Adrian:  What seemed to attract Bungie’s attention was a combination of my previous experience designing for science fiction properties, as well as having a versatile portfolio. There are many artists out there who specialize and eclipse me by far in those areas, but I like to think I bring a diverse skill set to the table, so I can jump onto all kinds of different tasks. That seems to be appreciated here.

We also appreciate people who can endure hours upon hours of brutal interrogation at the hands of leaders from every discipline in our studio. Given the fact that we’re even having this conversation, you are such a man. What was the most desperate moment of your interview?

Adrian:  Working through a concept live with Rob Adams on the whiteboard in the interview room. It was stressful at the time, but I later realized how effective a test it was - to be forced to design on the fly and focus on solving the problem rather than worrying about making pretty renderings.

And here you are, making pretty things every day. Is being surrounded by art the best part?

Adrian:  For me, the best part about working for Bungie is the insane talent and the incredibly high bar already set by the art team. It makes me work hard and strive every day to get just a little bit closer to that bar (which seems to be constantly moving upward).

Since our standards are a moving target, what do you do to keep your brushes clean and your pencils sharp? You probably don’t use analog tools like that anymore, but you know what I’m talking about, right?

Adrian:  I do what I love at work and I continue to do the same thing at home. Art is a passion of mine and I’m always trying to learn and improve, whether through personal work, studies, going to galleries and looking at old masters or taking painting classes. Also I learn so much from watching the rest of the team work.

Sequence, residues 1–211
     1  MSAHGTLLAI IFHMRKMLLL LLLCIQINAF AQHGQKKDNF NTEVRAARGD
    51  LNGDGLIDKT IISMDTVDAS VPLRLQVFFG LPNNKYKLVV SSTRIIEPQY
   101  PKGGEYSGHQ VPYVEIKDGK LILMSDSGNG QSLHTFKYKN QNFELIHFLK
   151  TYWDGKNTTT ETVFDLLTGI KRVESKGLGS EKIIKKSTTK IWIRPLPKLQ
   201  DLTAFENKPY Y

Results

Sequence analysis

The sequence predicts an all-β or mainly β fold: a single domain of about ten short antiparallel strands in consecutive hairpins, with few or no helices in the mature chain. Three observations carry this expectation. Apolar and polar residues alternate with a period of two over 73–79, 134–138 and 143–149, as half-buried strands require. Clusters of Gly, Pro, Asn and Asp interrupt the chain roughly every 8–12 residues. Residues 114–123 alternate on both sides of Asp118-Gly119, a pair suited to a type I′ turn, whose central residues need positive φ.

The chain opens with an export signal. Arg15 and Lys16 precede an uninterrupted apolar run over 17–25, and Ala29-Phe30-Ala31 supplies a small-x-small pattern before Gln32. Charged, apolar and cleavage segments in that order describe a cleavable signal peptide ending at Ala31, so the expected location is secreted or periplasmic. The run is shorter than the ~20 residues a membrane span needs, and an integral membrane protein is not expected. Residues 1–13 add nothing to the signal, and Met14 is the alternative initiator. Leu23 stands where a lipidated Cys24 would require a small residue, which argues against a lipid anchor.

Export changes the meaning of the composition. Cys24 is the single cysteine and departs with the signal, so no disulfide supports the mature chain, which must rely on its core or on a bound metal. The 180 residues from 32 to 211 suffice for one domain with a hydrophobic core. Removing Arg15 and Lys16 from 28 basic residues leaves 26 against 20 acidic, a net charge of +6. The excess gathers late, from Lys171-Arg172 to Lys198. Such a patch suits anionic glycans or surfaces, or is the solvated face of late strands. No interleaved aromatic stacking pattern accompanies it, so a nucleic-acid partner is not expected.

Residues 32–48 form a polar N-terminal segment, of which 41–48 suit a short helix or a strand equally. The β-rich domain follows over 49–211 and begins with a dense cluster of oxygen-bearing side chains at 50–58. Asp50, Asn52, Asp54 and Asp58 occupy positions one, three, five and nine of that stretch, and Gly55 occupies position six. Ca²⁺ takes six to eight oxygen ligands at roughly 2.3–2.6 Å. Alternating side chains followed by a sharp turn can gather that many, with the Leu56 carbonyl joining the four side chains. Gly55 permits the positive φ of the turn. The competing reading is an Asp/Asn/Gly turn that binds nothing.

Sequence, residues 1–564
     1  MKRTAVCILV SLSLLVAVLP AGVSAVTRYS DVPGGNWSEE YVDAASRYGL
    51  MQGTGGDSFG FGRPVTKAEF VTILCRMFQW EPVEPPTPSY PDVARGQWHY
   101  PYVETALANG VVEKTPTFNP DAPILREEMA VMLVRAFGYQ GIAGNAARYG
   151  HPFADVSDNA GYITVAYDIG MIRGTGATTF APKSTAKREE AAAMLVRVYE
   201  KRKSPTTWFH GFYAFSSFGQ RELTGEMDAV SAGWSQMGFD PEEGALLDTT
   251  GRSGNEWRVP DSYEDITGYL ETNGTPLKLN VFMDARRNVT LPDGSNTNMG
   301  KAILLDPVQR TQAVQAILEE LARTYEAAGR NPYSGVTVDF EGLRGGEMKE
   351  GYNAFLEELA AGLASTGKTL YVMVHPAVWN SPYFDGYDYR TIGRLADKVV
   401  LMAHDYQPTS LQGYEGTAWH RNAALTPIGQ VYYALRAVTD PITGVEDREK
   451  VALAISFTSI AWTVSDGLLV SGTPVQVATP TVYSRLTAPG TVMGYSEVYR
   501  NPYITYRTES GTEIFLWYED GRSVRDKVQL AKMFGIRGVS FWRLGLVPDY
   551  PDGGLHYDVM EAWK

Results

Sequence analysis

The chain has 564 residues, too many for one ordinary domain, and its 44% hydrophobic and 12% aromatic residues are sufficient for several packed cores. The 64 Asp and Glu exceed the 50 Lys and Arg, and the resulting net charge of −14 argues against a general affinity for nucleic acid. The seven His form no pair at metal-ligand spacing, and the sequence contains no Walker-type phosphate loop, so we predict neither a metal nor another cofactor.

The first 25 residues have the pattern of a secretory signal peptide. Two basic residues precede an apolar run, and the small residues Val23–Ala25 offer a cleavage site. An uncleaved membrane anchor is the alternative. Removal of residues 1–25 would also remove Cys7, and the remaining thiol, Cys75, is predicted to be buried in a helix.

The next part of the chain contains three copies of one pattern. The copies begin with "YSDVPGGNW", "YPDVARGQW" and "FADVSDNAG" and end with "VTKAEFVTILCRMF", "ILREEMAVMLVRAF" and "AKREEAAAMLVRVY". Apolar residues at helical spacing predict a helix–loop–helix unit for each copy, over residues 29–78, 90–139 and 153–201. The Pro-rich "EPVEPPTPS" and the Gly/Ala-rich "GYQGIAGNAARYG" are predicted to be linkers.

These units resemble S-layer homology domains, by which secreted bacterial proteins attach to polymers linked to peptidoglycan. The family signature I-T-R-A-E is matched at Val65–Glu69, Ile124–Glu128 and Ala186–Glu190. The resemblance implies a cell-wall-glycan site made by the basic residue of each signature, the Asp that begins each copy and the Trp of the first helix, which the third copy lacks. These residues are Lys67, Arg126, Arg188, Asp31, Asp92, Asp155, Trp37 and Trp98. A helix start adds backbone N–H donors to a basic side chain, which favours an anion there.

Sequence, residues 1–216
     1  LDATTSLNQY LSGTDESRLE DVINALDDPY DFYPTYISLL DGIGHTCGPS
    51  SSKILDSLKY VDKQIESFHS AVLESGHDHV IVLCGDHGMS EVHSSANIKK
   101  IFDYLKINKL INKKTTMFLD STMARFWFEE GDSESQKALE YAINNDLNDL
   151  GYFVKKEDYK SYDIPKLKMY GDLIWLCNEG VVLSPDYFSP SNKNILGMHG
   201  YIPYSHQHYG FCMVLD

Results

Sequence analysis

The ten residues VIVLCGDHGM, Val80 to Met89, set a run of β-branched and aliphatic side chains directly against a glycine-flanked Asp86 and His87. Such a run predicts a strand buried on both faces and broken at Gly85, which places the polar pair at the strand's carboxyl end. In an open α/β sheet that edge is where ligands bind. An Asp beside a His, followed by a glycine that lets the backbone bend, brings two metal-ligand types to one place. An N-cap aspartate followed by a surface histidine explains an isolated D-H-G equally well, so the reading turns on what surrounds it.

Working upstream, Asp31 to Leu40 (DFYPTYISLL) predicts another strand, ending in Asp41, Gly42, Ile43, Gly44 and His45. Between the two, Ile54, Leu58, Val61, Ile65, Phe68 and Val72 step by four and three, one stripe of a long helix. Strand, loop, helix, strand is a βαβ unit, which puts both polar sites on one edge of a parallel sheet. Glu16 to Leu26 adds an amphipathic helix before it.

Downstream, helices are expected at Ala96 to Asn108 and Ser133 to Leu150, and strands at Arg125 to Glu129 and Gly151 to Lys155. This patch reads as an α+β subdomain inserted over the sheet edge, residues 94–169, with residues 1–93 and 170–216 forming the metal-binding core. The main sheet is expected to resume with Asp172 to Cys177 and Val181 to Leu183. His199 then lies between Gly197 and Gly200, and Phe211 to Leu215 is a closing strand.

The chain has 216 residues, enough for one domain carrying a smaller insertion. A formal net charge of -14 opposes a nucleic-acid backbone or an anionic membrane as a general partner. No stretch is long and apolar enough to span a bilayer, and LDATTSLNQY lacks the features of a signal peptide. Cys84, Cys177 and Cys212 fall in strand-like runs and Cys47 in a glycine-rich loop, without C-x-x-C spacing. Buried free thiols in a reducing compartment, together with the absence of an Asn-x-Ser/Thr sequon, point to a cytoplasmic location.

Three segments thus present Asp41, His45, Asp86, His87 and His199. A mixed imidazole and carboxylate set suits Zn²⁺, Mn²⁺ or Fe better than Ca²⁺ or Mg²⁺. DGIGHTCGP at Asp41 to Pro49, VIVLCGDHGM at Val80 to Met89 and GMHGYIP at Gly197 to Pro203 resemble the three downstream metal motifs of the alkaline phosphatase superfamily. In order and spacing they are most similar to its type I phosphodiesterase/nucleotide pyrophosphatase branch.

Is that constant state of evolution the hardest part about being a member of the Bungie team? What would you say is the biggest challenge for you as a concept artist?

Adrian:  Follow-through. One really interesting aspect about working at Bungie is that concept artists don’t just finish a piece and then send it off, never to look at it again. We’re all expected to interact with the 3D artists and follow our concept through to completion, giving feedback or working with them to find a solution if something in the concept won’t work technically in the game.

Is there one product of that back-and-forth that is your favorite?

Adrian:  Maybe it’s the Ghost. Having the opportunity to design something that the player would be interacting with every day and that would play such a large role in the story was extremely rewarding and definitely made me feel like I was part of the team. 

Right about now, there’s a kid reading this who has a notepad full of delicious scribblings of robots and spaceships on his desk. He’s thinking “I could do this, too!” What would you say to him or her?

Adrian:  Take it seriously and make sure it’s something you really love. If you’re passionate about what you’re doing, it will be reflected in your work and people will respond to it. Study hard and never have the attitude that you’ve “made it” or you’re “good enough.” Everyone from a beginner to a professional is still a student, and we should always be striving to learn more and improve our craft.

This has been a great chat, but you have a game to make, so we’ll bring it to a close. Once Destiny is released, what’s the one thing you look forward to doing in the game?

Adrian:  Jumping in with my friends and playing the game through their eyes.

And when they see the world with their eyes, what will you point to and say “I made that!”

Adrian:  The Fallen dropships were something I helped design and will be seen by people pretty early on in the game. I’ll be excited to point those out. Later on, there are a few weapon designs that have to remain secret from now, but they’re personal favorites that I can’t wait to point out to friends.

Many of Adrian’s super-secret weapon designs have already been explored in the Drawing Board series of articles on the Bungie Blog, but more remain for you to discover. Similarly, many of Adrian’s teammates have also been profiled in the Breaking In archive, and you’ll have the chance to meet many more in the weeks to come.